Encourage Work-Life Integration:

Understand and value the importance of outside-of-work communities. Support flexibility for women to engage in personal pursuits and community events, reinforcing their sense of belonging both inside and outside the workplace.

In Her Words: Belonging in Action
In Action
In her words:
Christine Cocrane
Senior Vice President, Strategy & Transformation, LMI
In Her Words: The She-Suite Brand Leadership Institute Alumni
Jessica Myrice,
Regional Clinical Advisor, AF Solutions
Boston Scientific

“The Brand Leadership Institute makes you really sit down and do some soul searching. You have to peel back the onion. You have to get to the core and find out what do you really want out of this? What are you made of? Where do you want to go? What is your brand? When someone hears the name Jessica Myrice, what do I want them to think?”

“It’s important for people to know me as someone with good intentions, and your brand truly reflects who you are. Brand leadership helped me realize that. Personally, I’m a servant leader. The BLI showed me that I was exactly where I needed to be with Boston Scientific, which is why I’m so committed to this company, having been with them for over eight and a half years.”

“I have a bright future with them. I’ve worked hard to find mentors who support me, and I feel very fortunate to have them.”

Angie Volk,
US VP of Sales, 3M Medical Solutions Division

“I was a part of the inaugural BLI cohort… And I have kind of a weird career path. At the time, I wasn’t really sure where all of those ‘chess moves’ were leading. I also didn’t feel like I had control over my own career journey at that point; I had just been letting other people point me in different directions. So, I was at the perfect point in time in my career to go through the (BLI) experience.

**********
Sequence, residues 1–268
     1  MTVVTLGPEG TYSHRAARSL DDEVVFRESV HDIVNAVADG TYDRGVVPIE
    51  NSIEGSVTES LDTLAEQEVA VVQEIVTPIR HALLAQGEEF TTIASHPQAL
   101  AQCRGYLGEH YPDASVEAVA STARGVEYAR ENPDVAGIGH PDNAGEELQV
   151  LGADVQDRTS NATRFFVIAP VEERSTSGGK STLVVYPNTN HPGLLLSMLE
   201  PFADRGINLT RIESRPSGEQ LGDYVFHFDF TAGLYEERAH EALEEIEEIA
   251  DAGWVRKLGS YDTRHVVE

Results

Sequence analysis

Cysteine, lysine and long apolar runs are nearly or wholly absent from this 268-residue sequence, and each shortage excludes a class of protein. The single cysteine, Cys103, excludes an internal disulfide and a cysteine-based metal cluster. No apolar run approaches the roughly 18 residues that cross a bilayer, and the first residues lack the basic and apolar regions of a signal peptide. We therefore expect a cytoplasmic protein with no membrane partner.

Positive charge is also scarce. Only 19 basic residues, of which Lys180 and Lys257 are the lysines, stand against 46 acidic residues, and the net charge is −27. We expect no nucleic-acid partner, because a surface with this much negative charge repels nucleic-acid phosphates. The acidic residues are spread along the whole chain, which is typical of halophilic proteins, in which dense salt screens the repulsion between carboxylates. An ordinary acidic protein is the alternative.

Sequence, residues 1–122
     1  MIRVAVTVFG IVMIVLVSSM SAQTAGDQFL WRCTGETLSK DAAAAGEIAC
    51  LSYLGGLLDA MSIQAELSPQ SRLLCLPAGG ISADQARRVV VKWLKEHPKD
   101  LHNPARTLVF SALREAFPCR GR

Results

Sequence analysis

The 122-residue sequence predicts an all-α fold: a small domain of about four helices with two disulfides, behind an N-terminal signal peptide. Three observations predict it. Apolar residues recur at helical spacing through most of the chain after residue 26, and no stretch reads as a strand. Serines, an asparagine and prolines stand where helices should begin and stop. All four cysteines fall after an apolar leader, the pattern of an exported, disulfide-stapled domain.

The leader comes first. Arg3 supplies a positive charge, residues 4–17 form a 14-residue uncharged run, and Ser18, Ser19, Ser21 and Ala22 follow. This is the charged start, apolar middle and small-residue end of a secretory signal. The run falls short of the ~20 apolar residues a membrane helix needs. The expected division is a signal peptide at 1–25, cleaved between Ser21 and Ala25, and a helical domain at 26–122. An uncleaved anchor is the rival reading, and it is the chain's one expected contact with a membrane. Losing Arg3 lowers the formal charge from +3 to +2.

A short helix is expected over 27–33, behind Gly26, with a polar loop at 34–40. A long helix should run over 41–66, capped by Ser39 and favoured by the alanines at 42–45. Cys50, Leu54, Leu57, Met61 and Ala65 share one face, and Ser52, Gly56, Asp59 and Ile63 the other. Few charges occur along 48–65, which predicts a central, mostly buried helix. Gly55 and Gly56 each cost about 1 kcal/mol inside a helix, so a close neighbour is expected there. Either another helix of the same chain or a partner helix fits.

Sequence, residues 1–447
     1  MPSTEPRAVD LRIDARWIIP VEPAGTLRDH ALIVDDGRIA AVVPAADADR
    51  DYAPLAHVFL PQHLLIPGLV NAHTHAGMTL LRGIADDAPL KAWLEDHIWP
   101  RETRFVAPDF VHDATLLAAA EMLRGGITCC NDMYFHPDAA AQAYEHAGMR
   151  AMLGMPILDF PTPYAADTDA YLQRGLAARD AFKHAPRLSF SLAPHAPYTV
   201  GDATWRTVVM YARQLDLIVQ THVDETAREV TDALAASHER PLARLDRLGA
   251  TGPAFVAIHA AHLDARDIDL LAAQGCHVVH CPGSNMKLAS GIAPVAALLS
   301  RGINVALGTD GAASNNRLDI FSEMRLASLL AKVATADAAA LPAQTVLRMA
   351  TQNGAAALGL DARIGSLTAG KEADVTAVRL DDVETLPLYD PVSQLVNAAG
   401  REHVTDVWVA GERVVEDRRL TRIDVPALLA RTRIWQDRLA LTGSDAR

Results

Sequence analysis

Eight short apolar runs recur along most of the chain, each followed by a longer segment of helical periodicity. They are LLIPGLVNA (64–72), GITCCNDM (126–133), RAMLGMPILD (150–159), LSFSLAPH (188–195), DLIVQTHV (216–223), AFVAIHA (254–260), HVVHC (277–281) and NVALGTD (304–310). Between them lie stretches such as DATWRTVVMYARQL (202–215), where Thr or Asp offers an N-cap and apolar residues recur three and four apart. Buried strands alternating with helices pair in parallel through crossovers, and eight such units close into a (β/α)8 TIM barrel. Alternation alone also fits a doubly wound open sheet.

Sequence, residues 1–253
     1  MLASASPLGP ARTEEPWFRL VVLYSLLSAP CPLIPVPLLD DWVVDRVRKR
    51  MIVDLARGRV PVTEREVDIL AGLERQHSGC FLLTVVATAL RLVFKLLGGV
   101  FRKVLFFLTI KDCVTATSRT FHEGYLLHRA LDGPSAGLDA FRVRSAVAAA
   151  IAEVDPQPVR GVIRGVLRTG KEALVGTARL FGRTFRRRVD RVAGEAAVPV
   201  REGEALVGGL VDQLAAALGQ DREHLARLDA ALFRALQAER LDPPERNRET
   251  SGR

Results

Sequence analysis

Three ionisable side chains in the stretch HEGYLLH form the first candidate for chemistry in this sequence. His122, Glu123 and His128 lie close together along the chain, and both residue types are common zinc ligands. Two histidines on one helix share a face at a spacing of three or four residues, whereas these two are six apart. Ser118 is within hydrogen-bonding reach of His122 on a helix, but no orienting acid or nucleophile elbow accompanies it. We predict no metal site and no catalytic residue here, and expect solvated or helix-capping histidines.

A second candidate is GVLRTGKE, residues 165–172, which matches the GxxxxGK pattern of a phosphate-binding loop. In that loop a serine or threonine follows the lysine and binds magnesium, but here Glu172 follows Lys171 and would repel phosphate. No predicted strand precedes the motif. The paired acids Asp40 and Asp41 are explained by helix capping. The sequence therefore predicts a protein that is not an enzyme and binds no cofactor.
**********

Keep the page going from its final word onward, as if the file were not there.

One big takeaway that I’ve carried with me from the program is whenever I feel like I’m getting steered a certain way, I now make sure to remind myself what my ultimate goals are. I try to make sure that the decision that I’m making leads towards that goal.”

Edwige Robinson,
Senior Vice President –Network Engineering & Operations

“I was part of the 2016 cohort, and it was super amazing because I had just attended a women’s conference on Saturday, and Melissa had actually spoken there, and mentioned The Brand Leadership Institute. So I called Melissa that next week and said to her, I heard about this Brand Leadership Institute… and I don’t know what it is, but I need to do it. I had been in my role for over five years at that point, had some amazing reviews, but wasn’t getting promoted. But I knew one thing; I had to do something different to get different results”

And Melissa told me, “ ‘You know what? Let’s get rolling. Let’s work together.’ At that moment, I was in the mix for a lot of things, I had so much going on.”

“But I knew one thing; I had to do something different to get different results.”

Four Steps To Driving Change In Your Organization